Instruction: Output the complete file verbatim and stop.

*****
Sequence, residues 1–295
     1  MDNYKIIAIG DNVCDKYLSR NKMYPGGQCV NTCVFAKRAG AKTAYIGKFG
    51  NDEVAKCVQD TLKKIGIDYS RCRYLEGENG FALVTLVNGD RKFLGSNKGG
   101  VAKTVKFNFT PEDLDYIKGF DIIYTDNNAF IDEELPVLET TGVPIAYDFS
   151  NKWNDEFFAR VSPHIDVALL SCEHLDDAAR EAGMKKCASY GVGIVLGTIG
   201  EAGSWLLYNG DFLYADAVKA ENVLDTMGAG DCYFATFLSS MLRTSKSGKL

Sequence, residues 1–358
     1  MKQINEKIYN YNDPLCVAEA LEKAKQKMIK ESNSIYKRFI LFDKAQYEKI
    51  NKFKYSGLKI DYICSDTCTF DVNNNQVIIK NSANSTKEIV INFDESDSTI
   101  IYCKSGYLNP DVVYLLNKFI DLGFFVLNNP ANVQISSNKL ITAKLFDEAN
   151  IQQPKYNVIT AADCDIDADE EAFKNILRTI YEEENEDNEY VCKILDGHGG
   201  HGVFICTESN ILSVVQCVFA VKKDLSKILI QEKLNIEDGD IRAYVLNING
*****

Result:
Sequence, residues 1–295
     1  MDNYKIIAIG DNVCDKYLSR NKMYPGGQCV NTCVFAKRAG AKTAYIGKFG
    51  NDEVAKCVQD TLKKIGIDYS RCRYLEGENG FALVTLVNGD RKFLGSNKGG
   101  VAKTVKFNFT PEDLDYIKGF DIIYTDNNAF IDEELPVLET TGVPIAYDFS
   151  NKWNDEFFAR VSPHIDVALL SCEHLDDAAR EAGMKKCASY GVGIVLGTIG
   201  EAGSWLLYNG DFLYADAVKA ENVLDTMGAG DCYFATFLSS MLRTSKSGKL

Sequence, residues 1–358
     1  MKQINEKIYN YNDPLCVAEA LEKAKQKMIK ESNSIYKRFI LFDKAQYEKI
    51  NKFKYSGLKI DYICSDTCTF DVNNNQVIIK NSANSTKEIV INFDESDSTI
   101  IYCKSGYLNP DVVYLLNKFI DLGFFVLNNP ANVQISSNKL ITAKLFDEAN
   151  IQQPKYNVIT AADCDIDADE EAFKNILRTI YEEENEDNEY VCKILDGHGG
   201  HGVFICTESN ILSVVQCVFA VKKDLSKILI QEKLNIEDGD IRAYVLNING